4 Important Things You Need for Healthy Long-Term Relationships

I like talking about friendships because friendships set the tone for all your intimate relationships, including romantic. 

Looking at my closest + long-term friendships of 20+ years, the reason we are friends is not because we like the exact same things. While we have some interests in common, the way we approach many aspects of life are completely different. Different life experiences, different emotional responses, different coping mechanisms…

The reason we have been long-term friends is not because of surface-level interests, but because of 4 core components: 

Component #1: Mutual respect

We give each other space to do things our own way. We ask questions and don’t push our ways of thinking onto each other.

For example, if one of us thinks it’s unsafe to let a toddler go down the stairs on their own, the dialogue would be:

Person A: “Are you sure you don’t want to help her down?” 

Person B: “No it’s ok. I want her to learn. If she falls, she’ll know better for next time.”

Person A prefers to assist toddlers going down the stairs and not let them fall, but she says ok. She does not try to push her parenting ways onto Person B. Both parties respect each other. 

Of course there may be some things you discover about someone that are out of your value system. Like if you truly believe someone was doing harm, that is when one may not respect someone else’s decision.

This is why self-awareness is important. Know where your boundaries are. Know what you respect and what you don’t. 

Component #2: Trust

There is honesty. Honest respectful opinions are shared, most often when asked instead of just blurting them out. The feedback is trusted and respected, even if not agreed upon. We also trust each other to do what we say we’re going to do, and show up when we say we’re going to show up. Dependability is important for long term relationships.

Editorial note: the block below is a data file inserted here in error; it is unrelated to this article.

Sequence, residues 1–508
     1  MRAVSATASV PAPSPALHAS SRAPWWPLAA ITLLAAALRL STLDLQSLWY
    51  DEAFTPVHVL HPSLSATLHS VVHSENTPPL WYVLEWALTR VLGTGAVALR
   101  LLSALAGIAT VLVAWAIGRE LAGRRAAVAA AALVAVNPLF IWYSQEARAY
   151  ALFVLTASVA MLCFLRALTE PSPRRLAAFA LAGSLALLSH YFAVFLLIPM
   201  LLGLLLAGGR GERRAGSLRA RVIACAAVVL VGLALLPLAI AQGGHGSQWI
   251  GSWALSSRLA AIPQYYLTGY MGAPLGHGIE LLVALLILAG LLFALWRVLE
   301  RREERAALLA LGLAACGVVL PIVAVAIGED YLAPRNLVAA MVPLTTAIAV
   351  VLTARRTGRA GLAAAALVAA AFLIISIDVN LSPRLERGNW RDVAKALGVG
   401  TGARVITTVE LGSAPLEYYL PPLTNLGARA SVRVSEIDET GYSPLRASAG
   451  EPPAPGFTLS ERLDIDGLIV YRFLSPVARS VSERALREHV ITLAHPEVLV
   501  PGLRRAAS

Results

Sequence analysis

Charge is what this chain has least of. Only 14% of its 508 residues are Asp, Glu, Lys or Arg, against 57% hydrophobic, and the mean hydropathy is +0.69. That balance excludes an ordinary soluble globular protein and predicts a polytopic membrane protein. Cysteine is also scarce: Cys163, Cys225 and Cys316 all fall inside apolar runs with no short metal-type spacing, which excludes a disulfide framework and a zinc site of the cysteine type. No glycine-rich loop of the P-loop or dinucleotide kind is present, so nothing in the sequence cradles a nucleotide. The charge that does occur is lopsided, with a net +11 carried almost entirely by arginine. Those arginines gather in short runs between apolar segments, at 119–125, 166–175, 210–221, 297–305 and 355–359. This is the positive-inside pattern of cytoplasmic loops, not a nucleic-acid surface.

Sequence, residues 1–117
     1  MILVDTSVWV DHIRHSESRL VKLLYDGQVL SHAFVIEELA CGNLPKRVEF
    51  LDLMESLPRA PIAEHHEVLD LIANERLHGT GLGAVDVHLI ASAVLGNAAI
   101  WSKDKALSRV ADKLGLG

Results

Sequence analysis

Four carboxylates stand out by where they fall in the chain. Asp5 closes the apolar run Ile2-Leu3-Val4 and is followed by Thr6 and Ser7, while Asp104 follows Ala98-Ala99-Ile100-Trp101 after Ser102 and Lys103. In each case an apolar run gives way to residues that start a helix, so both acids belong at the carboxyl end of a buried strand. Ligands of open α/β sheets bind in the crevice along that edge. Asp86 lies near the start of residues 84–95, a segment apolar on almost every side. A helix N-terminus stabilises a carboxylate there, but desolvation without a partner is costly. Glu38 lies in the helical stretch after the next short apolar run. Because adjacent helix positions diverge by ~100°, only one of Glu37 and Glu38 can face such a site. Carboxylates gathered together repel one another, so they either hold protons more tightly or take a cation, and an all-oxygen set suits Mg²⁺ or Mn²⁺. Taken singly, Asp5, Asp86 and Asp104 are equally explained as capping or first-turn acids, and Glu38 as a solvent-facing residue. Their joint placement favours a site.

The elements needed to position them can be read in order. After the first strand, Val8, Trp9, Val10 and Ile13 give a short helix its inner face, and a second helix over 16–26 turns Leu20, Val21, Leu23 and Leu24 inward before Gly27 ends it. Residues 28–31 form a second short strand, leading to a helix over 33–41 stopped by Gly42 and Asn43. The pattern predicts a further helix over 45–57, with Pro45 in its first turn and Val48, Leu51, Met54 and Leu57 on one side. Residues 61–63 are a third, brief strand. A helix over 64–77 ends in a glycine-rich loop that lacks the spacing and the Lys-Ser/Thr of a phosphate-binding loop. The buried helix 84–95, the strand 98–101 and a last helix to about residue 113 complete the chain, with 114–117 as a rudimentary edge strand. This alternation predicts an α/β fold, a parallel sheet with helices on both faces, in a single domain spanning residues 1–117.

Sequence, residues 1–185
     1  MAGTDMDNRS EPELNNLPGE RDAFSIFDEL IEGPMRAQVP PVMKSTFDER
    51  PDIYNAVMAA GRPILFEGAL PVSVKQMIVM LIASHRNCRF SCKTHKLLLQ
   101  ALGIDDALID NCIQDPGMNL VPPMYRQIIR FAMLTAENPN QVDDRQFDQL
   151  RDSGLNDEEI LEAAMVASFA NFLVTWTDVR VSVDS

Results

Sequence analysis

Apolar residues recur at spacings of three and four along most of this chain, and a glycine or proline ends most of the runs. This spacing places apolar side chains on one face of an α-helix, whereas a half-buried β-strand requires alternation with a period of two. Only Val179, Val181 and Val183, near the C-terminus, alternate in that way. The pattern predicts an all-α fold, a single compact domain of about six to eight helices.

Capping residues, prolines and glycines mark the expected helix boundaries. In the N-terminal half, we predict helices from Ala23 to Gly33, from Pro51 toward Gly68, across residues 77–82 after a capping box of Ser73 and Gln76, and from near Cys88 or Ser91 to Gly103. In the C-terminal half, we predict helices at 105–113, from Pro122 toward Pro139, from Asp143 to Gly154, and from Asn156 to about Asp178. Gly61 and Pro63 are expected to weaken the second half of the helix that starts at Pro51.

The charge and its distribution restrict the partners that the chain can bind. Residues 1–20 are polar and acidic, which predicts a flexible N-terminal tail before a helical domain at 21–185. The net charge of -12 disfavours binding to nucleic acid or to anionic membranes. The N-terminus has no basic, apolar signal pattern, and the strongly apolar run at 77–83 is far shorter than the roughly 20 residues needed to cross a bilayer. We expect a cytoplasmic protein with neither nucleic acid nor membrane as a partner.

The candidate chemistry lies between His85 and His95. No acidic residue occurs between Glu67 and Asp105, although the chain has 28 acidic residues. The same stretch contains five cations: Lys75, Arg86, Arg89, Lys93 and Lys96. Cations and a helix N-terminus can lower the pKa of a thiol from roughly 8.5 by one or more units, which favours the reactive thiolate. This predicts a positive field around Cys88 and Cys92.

If things change or someone is offended, there is clear communication.

Component #3: Good communication

I’m really interested in good communication because I wasn’t taught good communication growing up. The people I have the best communication with have funny enough, also taken classes and done personal growth regarding communication. 

The communication style I prefer is transparent, clear, and respectful, so I try my best to be that. I can’t expect everyone to have the same communication style as me, so a big part of learning good communication for me was learning that people hear and express things differently. While understanding that people are different, with my closest friends – I respect the way they communicate and vice versa. 

One of my besties recently made new mom-friends because her kids are getting ready to start school. She said one started ignoring her calls and texts because she was mad that she took too long to respond to a text. She said, “I haven’t had someone ignore me because they’re mad since I was in middle school.” Clearly she doesn’t respect this communication style. I’ve had similar done to me, and while that person can be a civil acquaintance (you do you), I don’t care to have them in my intimate circle. 

Component #4: A Willingness to Grow

A willingness to take personal responsibility and do better is important in intimate relationships. Everyone is wrong at some point, and each person is their own responsibility. It’s not fair for one person to carry all the weight and put up with your shit. “I’m sorry. I’ll do better.” (And then actually make an effort to do better). It’s not always easy to do, but that willingness is important.


If you want to know who a person is, look at their closest circle of friends. That’s why when dating you learn so much about a person when you see who their friends are. Do they have long term friendships? Did they have falling outs? How do they handle disagreements? What are their boundaries?

The 4 components I have noticed in all my long term relationships are mutual respect, trust, good communication, and a willingness to grow. What about your long term friendships? Besides the surface-level common interests, what is your formula for success? 

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